Amazon Consumer Science Summit goes virtual

COVID-19-induced trend toward virtual conferences may change how science is conducted.

COVID-19 has caused massive disruption around the globe. That includes the myriad of science conferences held each year. With the pandemic now forcing the cancellation of nearly all in-person events, these conferences have gone virtual.

Amazon is a participant in this trend. In late September, for instance, Amazon’s consumer science organization held its seventh annual Consumer Science Summit, which focused on science applications for economic decision-making, with topics ranging from operations research and econometrics, to statistics and machine learning.  Originally planned as a 200-person conference to be held at a resort in Washington state, event organizers considered how best to proceed. Their final decision: move the summit online.

No one was sure quite what to expect, but the outcome was surprisingly positive. Without the need to limit attendees due to space constraints, and without the need for participants to build travel days into their schedule or worry about acquiring a US visa, attendance was more than four times that of previous in-person events. Moreover, prominent scientists who otherwise might have been unable to attend in person were able to deliver virtual keynote talks.

Ping Xu, forecasting science director, standing outside in front of a rainbow.
Ping Xu, forecasting science director within Amazon's Supply Chain Optimization Technologies (SCOT) organization, was one of the organizers of this year's Consumer Science Summit.

“In this age of isolation and uncertainty, it turns out this event helped us return to the roots of science — the exchange of ideas,” said Ping Xu, forecasting science director within Amazon’s Supply Chain Optimization Technologies organization.

In fact, scientists everywhere are discovering that a well-run virtual event can have benefits that extend beyond an in-person conference.

The Scientist magazine, for instance, reported on an August conference held by the Society for Mathematical Biology and the European Society for Mathematical and Theoretical Biology. Originally set for Heidelberg, Germany, the virtual conference created virtual space so it would provide for socializing, networking, and mentoring, as well as hearing talks, seeing posters, and visiting the meeting’s corporate sponsors.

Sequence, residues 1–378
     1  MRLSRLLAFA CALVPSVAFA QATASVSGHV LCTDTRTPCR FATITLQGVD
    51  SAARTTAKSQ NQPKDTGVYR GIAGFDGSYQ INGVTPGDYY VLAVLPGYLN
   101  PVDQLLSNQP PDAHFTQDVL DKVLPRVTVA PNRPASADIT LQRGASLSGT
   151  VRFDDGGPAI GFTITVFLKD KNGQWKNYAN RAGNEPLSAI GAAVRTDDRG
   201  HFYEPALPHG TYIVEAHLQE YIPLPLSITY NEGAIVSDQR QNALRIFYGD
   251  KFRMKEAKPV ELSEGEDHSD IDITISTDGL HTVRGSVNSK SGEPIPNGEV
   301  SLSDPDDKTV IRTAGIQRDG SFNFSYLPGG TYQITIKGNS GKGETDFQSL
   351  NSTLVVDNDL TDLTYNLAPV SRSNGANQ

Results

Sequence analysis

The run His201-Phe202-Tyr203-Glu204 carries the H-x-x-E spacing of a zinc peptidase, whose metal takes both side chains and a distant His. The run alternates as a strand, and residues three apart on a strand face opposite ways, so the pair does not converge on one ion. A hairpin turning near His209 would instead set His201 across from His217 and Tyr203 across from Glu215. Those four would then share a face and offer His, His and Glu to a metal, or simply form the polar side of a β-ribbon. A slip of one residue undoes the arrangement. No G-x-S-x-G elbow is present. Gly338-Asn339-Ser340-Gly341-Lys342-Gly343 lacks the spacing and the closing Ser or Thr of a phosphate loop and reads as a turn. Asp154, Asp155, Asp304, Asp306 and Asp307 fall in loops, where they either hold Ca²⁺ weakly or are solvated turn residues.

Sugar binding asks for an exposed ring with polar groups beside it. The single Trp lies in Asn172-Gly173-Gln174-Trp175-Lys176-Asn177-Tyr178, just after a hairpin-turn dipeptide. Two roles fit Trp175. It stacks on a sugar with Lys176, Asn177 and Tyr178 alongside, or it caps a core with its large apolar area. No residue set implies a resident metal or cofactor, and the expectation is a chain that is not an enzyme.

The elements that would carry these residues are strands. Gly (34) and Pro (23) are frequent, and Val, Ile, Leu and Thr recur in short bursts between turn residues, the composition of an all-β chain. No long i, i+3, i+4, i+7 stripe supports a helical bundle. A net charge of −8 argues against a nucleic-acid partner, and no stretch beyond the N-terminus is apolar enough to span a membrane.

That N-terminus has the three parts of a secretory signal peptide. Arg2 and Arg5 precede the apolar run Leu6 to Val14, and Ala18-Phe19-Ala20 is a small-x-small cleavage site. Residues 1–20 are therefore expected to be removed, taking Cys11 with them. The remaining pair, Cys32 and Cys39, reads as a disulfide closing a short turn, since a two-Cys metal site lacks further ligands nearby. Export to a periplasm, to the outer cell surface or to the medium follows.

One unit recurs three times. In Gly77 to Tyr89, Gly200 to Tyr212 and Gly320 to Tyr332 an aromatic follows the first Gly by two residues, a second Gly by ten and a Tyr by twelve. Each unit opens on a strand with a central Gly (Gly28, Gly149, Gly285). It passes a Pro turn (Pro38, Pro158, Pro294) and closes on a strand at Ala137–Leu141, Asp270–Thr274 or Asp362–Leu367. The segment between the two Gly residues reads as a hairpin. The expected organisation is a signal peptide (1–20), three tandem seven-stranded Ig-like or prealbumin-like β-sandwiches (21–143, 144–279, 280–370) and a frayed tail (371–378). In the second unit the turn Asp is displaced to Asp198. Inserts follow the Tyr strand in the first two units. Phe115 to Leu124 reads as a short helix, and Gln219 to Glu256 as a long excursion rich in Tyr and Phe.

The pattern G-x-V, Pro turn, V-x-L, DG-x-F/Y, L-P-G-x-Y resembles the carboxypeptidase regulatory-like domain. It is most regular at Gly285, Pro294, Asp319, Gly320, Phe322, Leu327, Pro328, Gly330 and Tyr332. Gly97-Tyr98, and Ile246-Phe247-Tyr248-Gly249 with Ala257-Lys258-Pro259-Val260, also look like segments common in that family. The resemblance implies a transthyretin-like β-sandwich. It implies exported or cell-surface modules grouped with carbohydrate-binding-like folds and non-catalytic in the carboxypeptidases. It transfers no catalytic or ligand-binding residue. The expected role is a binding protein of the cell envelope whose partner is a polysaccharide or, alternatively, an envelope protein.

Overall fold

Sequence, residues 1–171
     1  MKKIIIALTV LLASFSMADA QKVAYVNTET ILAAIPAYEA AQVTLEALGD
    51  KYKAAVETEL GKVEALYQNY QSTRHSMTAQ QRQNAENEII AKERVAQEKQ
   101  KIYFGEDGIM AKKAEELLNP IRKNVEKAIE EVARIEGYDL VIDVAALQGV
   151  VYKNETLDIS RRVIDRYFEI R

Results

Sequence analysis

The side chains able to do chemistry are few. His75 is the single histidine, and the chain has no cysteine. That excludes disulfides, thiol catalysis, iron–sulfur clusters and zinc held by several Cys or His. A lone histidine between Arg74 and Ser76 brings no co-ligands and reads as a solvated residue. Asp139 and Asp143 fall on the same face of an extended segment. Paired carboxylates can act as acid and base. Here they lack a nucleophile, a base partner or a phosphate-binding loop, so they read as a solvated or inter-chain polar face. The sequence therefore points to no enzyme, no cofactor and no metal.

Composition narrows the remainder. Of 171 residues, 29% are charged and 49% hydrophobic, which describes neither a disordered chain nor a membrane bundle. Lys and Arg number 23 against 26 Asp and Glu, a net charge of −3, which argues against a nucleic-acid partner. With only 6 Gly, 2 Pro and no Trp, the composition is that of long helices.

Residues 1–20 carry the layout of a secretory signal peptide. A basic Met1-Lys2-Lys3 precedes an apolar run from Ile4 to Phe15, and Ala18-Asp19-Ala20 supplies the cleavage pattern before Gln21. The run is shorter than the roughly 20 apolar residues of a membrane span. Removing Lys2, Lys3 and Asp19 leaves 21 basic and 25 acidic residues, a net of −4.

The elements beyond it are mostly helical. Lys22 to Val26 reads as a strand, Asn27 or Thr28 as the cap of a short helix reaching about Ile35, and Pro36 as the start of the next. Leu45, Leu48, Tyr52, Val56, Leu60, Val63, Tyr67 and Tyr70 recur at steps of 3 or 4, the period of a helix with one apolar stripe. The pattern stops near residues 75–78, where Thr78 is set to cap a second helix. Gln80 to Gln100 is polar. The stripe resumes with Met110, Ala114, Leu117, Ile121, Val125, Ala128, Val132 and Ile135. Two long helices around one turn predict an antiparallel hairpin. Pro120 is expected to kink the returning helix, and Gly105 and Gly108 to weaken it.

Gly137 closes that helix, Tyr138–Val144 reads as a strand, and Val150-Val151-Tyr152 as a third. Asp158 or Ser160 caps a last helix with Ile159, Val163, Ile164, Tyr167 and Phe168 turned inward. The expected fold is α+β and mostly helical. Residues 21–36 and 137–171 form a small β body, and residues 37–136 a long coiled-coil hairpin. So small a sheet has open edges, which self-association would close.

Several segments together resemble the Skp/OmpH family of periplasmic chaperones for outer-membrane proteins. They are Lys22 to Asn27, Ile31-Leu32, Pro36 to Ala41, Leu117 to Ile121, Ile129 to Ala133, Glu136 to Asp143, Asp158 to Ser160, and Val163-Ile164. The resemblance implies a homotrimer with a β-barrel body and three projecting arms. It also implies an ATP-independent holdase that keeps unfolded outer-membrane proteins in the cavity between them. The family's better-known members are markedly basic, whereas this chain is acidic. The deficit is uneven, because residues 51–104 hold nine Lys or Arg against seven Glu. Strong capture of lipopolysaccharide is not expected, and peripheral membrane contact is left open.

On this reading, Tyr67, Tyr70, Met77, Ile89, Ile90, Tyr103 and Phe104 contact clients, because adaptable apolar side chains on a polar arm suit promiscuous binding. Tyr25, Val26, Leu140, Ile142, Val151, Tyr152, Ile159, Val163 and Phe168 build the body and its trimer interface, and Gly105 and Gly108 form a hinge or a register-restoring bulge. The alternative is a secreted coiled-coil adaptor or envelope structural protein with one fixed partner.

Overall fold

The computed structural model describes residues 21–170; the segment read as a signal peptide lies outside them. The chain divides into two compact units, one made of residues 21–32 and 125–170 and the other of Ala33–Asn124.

Plus, the roughly 1,800 attendees represented more than 90 countries — two to three times as many as at previous in-person meetings. 

The move to virtual scientific conferences poses some intriguing questions. Will it make science more collaborative and multidisciplinary? Or will people lose the chance for serendipitous connections that are the staple of in-person event?

In an effort to make up for the lack of in-person interaction, Consumer Science Summit organizers took advantage of online tools to facilitate collaboration among virtual attendees. The conference had its own Slack channel, for instance, and networking coffee breaks occurred over Chime. The four-day conference included the presentation of 208 papers and abstracts, 5 keynote, 28 lightning, and 12 technical talks, and 2 fireside chats. 

The keynote talks included presentations by Ming Lin, a computer science professor  at the University of Maryland; Anna Nagurney, the John F. Smith Memorial Professor within the Department of Operations and Information Management at the University of Massachusetts Amherst Isenberg School of Management; Susan Athey, an economics of technology professor at Stanford University, and senior fellow of the Stanford Institute for Economic Policy Research; Nassim Taleb, distinguished professor of risk engineering at the NYU Tandon School of Engineering, and author of several books, including “The Black Swan”; and Gerard Cachon, a professor within the Operations, Information and Decisions Department at the University of Pennsylvania Wharton School. The two fireside chats were with Scott Aronson, the David J. Bruton Centennial Professor of Computer Science at the University of Texas at Austin, and Swami Sivasubramanian, vice president, AWS machine learning. Below are three of those keynote talks.

Nassim Taleb: Statistical consequences of fat tails
In this keynote talk, Professor Taleb discusses concepts from the first version of his Technical Incerto: Statistical Consequences of Fat Tails: Real World Preasymptotics, Epistemology, and Applications.
Gerard Cachon: Human vs. robot workers in fulfillment center pick processes
In his keynote talk, Professor Cachon talks about new research he has conducted with Omar Besbes, a professor at Columbia University Business School.
Anna Nagurney: Optimization of food supply chain networks: Why quality, trade instruments, and labor all matter
In her keynote talk, which she dedicated to essential workers, Professor Nagurney discusses her latest research on food supply chain networks.